In this case, including a service provider in a list is far from independent from registration by the police. This is an example of positive dependence. Since such positive dependence increases the overlap between the two lists, the number of the unobserved population is consequently underestimated. In practice, negative dependence may also occur, for example, when inclusion in one register lowers the chance of being registered in another, and this leads to an overestimation.

The Alternative of Multiple Systems Estimation

A promising approach to relaxing the condition of independence is to include a third register, or multiple registers, and to analyze the three-ways, or multiple-way, contingency tables. With three or more lists, the independence assumption in the two-list case is replaced by the less-severe assumption that three-factor interaction is absent. In official statistics, this extension of the two-list capture-recapture method is known as Multiple Systems of Multiple Records Estimation (MSE).

In the UK, the obligation to identify presumed victims of human trafficking is, as noted, discharged by the National Referral Mechanism (NRM), a framework for identifying victims and ensuring they receive appropriate protection and support. It is managed by the United Kingdom Human Trafficking Centre (UKHTC) of the Home Office. The Home Office collates data from various sources to produce strategic assessments of presumed victims. These are published quarterly and broken down into the sources of the various cases. In 2013, 2,744 unique presumed trafficking-in-people victims were identified. The information about presumed victims in the NCA Strategic Assessment came from a large number of separate organizations.
This information can be summarized into five lists based on the source type:

  • LA: Local authority
  • NG: Non-governmental organization
  • PF: Police force/National crime agency
  • GO: Government organization (mostly Home Office agencies, e.g., UK Border Force, Gangmasters Licensing Authority)
  • GP: General public, through various routes

Of the 2,744 victims included in the 2013 database, some appeared on two and a few on three or four of the five lists. Table 1 shows the distribution of the identified victims in the five lists.

Table 1—Contingency Table for the National Crime Agency Strategic Assessment Data, 2013*

In the bottom row of Table 1 are the numbers of investigated people in each of the possible categories. Multiple systems estimation allows an estimation of the number of individuals not appearing on any of the lists, given the distribution of individuals in the contingency table. This is done by assuming that each of the counts is derived from a Poisson distribution—a distribution for the occurrence of rare events. A restrictive Poisson loglinear model is estimated for each of the cells and the parameter estimates are projected on the cell with the non-appearing or hidden individuals.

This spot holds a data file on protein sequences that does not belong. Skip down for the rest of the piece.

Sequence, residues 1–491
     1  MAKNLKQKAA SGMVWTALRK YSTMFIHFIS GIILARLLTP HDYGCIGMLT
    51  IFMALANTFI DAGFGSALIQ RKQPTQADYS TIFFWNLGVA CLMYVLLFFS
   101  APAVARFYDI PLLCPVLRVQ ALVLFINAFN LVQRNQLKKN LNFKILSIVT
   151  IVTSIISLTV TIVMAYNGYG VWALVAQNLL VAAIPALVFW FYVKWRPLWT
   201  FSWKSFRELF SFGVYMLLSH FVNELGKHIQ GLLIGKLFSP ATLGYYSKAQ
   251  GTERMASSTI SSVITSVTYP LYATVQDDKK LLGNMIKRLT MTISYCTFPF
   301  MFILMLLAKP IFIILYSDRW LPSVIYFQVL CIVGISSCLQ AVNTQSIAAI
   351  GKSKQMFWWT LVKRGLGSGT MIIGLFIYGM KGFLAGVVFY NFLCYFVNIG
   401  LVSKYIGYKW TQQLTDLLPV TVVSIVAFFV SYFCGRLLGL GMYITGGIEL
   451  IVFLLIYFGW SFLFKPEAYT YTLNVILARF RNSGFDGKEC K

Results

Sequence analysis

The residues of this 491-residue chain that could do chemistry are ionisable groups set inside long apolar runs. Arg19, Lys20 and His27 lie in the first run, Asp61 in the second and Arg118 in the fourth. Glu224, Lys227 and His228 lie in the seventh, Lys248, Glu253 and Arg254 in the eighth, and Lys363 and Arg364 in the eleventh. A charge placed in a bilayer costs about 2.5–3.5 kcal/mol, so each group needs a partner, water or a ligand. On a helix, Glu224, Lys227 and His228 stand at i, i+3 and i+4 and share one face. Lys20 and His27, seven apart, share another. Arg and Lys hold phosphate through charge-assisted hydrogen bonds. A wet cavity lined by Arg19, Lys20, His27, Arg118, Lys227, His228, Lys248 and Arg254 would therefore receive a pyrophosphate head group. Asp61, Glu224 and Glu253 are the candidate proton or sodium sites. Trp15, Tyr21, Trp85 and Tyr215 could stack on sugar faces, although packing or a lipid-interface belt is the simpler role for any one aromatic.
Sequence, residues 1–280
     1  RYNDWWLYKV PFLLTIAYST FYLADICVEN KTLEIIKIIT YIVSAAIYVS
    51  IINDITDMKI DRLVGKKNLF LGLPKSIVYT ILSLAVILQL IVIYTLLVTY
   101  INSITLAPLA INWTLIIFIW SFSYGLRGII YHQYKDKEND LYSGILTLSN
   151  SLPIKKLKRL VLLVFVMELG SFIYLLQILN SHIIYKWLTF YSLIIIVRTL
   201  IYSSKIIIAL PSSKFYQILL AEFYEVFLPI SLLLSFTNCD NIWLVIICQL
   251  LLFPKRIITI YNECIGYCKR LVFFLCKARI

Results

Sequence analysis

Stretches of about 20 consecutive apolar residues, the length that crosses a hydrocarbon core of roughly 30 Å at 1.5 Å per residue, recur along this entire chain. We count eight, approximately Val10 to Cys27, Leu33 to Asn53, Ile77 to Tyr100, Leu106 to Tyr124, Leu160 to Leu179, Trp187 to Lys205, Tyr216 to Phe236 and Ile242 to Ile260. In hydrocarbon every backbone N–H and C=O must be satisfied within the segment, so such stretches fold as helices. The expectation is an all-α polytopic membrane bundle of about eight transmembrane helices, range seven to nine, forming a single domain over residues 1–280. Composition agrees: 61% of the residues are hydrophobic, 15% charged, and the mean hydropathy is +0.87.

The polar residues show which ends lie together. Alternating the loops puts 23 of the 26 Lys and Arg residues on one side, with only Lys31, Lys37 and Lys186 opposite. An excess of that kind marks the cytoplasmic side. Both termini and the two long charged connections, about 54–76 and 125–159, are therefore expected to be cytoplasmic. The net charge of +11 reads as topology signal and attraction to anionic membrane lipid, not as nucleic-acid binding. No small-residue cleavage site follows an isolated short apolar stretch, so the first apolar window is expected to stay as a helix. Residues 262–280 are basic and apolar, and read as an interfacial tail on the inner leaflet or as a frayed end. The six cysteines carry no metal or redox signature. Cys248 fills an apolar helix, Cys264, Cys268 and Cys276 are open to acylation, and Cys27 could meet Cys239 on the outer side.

With loglinear modeling, it is possible to assess how much being on one particular list affects a person’s chances of being on another. Possible interactions between lists can be detected and controlled for in the estimates. The condition of independence can, therefore, be relaxed.

Bales, Hesketh, and Silverman (2015) fitted a loglinear model to the data in Table 1 that allows for individual list effects, and also for interaction between lists.

The confidence interval for the actual population size was estimated as between from 10,000 to 13,000, including the 2,744 cases already known to the NCA. This suggests that the Strategic Assessment is aware of roughly 20 to 30% of all possible victims in the UK in 2013. In round numbers, therefore, the dark figure is around 7,000 to 10,000.

There is a positive correlation between list LA and each of lists NG and PF, which suggests that being known to the local authority apparently increases the chance of being known to NGOs or the police. This may reflect the existence of referral pathways for potential victims between these agencies, in particular in relation to children who, unlike adults, do not have to consent to referral to the National Referral Mechanism, or joint operations between the local authorities and other agencies.

The upshot of the exploratory MSE carried out on the lists of the National Crime Agency is that the true numbers of victims during 2013 is estimated at between 7,000 and 10,000, or between three and five times the numbers of detected victims. In other words, the ratio between detected victims and undetected victims is estimated as 1:4.

The Case of the Netherlands

We can look to the Netherlands for a useful model of how the process could work. Relevant governmental institutions there, such as districts of the National Police, Royal Border Police (Koninklijke Marechausee; KMAR), Regional Coordination Offices (decentralized units of COMENSHA for coordinating victim services), and Labor Inspectorates (Inspecties Sociale Zaken en Werkgelegenheid; ISZW), are instructed to report on all cases of possible victimization by trafficking in people that come to their knowledge. Specialized NGOs offering services to trafficking victims are invited to report their cases as well, and most seem to comply with this request.

Law firms, youth care and social work organizations, and organizations supporting asylum seekers such as reception centers also can report clients who show signs of having been victims of trafficking to COMENSHA. Finally, victims can self-identify themselves by contacting COMENSHA.

In the COMENSHA database for 2014, a total of 1,561 uniquely defined cases were registered once or more. In roughly one in 14 cases, victims have been reported by more than one organization, usually two, and, in some cases, three. Many of the theoretically possible combinations of two lists occur.